Fennel…

photo via ucanr.edu

photo via ucanr.edu

Fennel is one of the new things I am adding to my gardening list this year. I’m a little excited about this, as I usually am when trying a new plant. This is not going to be in the main garden, though, because I have read in a number of places that the fennel plant releases a chemical (I don’t remember what it is called) that negatively effects the growth of other plants, especially tomatoes, cabbages, and beans.

The whole fennel plant is used for a variety of culinary and medicinal applications. The fresh stems of fennel can be eaten, either chopped and added to another dish or by itself, much like celery, though with a very different flavor. Fennel seeds are added to many dishes, such as fish, breads, and salad. The leaves can be added as garnish or for added flavor to many dishes and gives a very unique flavor when added to salads. Though, if you don’t like the taste of black licorice, this may not be the herb for you.

Fennel is a great digestive aid and appetite suppressant. Drinking fennel seed tea before a meal helps reduce appetite and improves the efficiency of digestion by allowing more of the nutrients to be converted into energy rather than fat. It also reduces the occurrence of bloating, gas, and abdominal cramping. Consuming fennel, whether in food or by making fennel seed tea, is said to have a balancing effect on the female reproductive system, relieving symptoms of menopause and menstrual difficulties such as cramping and irregularity. Another benefit of fennel is helping to break up congestion, making coughs more productive. Fennel may also help with the dry coughs of bronchitis.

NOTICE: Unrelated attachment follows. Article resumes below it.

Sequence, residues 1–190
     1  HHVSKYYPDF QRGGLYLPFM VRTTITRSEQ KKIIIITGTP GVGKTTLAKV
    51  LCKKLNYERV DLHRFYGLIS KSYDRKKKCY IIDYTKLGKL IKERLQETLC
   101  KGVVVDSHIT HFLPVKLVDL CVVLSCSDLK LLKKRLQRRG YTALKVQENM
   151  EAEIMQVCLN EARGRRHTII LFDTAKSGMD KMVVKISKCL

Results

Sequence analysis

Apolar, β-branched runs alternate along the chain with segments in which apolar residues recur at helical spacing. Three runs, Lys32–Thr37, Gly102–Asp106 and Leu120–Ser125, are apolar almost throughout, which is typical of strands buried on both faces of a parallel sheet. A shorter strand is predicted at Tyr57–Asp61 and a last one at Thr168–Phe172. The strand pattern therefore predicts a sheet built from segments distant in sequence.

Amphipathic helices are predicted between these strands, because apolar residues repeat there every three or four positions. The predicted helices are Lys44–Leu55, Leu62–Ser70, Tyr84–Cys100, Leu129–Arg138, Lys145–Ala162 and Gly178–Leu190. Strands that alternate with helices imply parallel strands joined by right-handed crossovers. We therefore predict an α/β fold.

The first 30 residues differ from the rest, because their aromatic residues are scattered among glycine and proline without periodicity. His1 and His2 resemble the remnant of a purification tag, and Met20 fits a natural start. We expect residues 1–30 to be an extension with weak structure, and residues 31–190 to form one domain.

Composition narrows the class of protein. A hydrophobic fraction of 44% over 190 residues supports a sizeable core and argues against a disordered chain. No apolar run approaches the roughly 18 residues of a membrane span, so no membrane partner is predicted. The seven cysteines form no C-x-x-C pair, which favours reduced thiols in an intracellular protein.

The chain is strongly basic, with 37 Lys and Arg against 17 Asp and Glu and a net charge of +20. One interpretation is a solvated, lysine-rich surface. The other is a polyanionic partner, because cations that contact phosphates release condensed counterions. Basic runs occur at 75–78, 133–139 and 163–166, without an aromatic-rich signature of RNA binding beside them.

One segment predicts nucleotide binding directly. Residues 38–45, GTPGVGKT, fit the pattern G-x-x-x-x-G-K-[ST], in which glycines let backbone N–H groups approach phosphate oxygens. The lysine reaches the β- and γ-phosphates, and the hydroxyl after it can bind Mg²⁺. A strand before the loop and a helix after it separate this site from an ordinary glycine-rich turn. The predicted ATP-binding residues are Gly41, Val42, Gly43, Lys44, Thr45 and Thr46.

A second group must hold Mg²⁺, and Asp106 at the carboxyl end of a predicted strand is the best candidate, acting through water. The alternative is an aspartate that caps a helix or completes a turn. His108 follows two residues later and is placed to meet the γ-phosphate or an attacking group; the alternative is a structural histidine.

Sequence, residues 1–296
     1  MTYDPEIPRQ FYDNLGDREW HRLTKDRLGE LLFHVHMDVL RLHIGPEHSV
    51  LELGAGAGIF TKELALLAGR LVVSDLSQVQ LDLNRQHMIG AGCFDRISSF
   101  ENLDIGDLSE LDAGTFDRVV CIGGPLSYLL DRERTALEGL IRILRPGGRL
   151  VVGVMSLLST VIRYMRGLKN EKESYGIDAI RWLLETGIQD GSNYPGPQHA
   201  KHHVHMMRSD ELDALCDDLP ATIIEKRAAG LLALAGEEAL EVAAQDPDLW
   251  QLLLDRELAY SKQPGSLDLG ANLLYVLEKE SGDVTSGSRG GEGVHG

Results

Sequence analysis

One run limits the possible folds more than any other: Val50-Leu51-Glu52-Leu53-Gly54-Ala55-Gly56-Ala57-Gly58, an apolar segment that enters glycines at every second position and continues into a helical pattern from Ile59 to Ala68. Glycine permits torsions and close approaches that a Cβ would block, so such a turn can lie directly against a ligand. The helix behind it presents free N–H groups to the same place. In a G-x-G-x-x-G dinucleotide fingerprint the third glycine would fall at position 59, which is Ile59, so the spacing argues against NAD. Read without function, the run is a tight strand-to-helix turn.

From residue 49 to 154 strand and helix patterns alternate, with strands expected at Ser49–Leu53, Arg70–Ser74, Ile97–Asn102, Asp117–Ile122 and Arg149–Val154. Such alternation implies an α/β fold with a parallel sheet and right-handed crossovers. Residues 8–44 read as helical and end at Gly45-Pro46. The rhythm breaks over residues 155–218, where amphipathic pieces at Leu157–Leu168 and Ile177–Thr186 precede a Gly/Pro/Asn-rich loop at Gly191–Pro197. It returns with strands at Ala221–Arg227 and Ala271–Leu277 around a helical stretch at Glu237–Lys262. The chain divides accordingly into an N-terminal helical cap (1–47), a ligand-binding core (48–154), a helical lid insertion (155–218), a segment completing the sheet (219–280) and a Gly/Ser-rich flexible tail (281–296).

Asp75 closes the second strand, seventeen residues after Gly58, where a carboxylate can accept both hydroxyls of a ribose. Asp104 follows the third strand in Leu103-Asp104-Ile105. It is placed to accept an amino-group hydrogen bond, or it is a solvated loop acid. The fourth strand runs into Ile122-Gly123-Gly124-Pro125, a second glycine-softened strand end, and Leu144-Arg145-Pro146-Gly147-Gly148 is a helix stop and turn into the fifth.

Most of the knowledge I have about fennel is from researching it through the internet, books, and word of mouth over the years. This leaves me feeling a bit unsure when explaining its benefits, as I am a hands on person, though the information provided here has been checked and cross referenced for accuracy. This only adds to the excitement of growing it. For me, there really is no substitute for growing a plant to aid in developing and solidifying a more thorough knowledge of the whole plant.

Next up: Marigolds (yes, marigolds)

 

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About dragonflygypsyusa

Over-thinker with way too much availability to the internet to research whatever might come to mind, amateur photographer, dog enthusiast, learning every day, working on finding my undamaged self.
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